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Swan home again after three week delay in Norway

SHETLAND’s very own historic tall ship the Swan arrived back in the isles at the weekend after having been stuck in Norway for three weeks due to poor weather.

Swan sailing past Bressay lighthouseThe Swan arriving at Lerwick harbour on Sunday afternoon. Photo: Ronnie Robertson

SHETLAND’s very own historic tall ship the Swan arrived back in the isles at the weekend after having been stuck in Norway for three weeks due to poor weather.

The 67-feet restored herring drifter sailed in Lerwick Harbour on Sunday afternoon after a 36-hour journey from Bergen in what was the first weather window since 14 September.

Skipper Thorben Reinhardt said the planned trip from Bronnoysund to Lerwick, crossing the northern North Sea as autumn approaches, had not been possible as safety is the most important consideration in journey planning.

Instead the Swan made her way south along Norway’s stunning coastline to near Bergen before she was eventually able to make it across the North Sea at the weekend.

Reinhardt said the initial outbound trip to the Lofoten Islands, along the Norwegian coast, had been fully booked with ten paying customers – bringing a huge financial boost to the Swan Trust.

“If you are dealing with the northern North Sea at this time of year you have to be careful and cautious, and that is exactly what we did,” he said.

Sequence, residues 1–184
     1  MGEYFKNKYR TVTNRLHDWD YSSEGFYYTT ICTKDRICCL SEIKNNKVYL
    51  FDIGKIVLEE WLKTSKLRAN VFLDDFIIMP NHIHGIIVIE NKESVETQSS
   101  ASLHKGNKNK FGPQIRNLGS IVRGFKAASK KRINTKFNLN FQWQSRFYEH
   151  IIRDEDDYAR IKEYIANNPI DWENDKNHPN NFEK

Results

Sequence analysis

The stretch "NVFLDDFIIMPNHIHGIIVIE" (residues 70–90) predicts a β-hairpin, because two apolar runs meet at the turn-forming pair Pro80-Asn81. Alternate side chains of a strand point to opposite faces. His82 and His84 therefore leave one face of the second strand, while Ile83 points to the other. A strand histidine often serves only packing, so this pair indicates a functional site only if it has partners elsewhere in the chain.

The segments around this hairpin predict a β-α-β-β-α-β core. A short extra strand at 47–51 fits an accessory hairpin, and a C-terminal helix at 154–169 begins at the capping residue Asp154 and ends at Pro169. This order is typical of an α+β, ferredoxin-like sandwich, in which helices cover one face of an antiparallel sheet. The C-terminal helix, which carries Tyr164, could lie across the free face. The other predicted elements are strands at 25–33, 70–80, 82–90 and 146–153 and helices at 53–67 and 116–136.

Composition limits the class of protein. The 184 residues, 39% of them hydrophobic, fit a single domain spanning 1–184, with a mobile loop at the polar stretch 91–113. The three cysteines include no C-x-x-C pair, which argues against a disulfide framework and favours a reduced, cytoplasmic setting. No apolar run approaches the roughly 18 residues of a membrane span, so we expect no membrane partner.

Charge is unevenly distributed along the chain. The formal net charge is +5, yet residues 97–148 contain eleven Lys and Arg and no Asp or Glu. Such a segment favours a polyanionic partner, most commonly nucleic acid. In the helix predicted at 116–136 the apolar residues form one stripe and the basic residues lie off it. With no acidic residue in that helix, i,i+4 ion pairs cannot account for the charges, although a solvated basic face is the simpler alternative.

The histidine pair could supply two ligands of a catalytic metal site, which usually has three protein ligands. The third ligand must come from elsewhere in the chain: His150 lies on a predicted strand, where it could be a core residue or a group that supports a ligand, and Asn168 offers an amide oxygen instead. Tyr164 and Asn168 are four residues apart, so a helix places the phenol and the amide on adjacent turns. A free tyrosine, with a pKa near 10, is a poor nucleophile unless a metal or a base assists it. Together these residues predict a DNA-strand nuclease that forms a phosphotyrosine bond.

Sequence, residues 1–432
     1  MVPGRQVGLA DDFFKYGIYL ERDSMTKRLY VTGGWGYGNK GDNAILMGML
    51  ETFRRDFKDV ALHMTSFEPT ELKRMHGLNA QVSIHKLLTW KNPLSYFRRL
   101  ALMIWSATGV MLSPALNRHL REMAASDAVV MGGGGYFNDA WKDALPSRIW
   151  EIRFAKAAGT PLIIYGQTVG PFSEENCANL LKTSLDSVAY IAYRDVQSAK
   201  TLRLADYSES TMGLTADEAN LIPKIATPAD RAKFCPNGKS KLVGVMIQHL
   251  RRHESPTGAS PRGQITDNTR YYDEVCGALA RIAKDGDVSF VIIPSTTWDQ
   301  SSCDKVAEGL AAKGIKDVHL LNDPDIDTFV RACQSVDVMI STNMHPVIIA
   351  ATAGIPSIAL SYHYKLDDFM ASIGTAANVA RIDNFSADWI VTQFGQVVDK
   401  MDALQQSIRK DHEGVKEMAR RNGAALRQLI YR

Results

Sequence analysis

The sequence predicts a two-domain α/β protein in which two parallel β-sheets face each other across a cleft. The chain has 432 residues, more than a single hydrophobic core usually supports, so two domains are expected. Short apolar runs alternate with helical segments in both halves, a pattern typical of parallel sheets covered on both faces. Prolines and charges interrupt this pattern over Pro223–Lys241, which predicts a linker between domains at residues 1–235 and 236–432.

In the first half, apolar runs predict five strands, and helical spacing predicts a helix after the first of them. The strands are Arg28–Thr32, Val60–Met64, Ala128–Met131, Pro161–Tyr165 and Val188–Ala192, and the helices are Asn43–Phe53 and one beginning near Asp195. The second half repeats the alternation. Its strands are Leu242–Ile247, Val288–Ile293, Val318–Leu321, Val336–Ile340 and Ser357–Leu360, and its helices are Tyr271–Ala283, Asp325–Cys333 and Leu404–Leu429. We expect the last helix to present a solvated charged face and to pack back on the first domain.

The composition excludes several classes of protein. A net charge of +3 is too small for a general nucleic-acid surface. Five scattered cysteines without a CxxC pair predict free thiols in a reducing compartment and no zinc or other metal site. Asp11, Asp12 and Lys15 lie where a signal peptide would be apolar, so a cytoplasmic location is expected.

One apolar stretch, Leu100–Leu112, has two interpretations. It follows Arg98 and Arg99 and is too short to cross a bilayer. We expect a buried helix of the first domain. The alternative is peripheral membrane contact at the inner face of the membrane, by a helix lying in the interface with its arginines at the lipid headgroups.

“The weather situations over the last three weeks for crossing the North Sea from the east to the west were pretty bad.

“Most of the time was spent making our way back from Lofoten Islands down to Bergen, a passage of more than 500 miles.”

Those on board the vessel who had time to stay a little longer than originally booked were welcome to stay on board while others made their own arrangements to return home. “We are always advising our customers to take out travel insurance,” Reinhardt said.

Some Swan Trust volunteers were flown out to Bergen to help bring the vessel home safely.

Chairman of the Swan Trust, councillor Peter Campbell, said the organisation had unfortunately missed two bookings while the vessel was stuck in Norway, one at Peterhead and a weekend of Shetland cruise.

“While we would have anticipated the potential for a delay, one would not have expected it to last this length of time,” he said.

“There seemed to have been a pattern whereby when the weather improved on the Norwegian coast it built up on this side. It was just working against us all the time.”

The Swan will make her final trip of the year early next week when she will be taken round Sumburgh Head to her winter berth at Scalloway.

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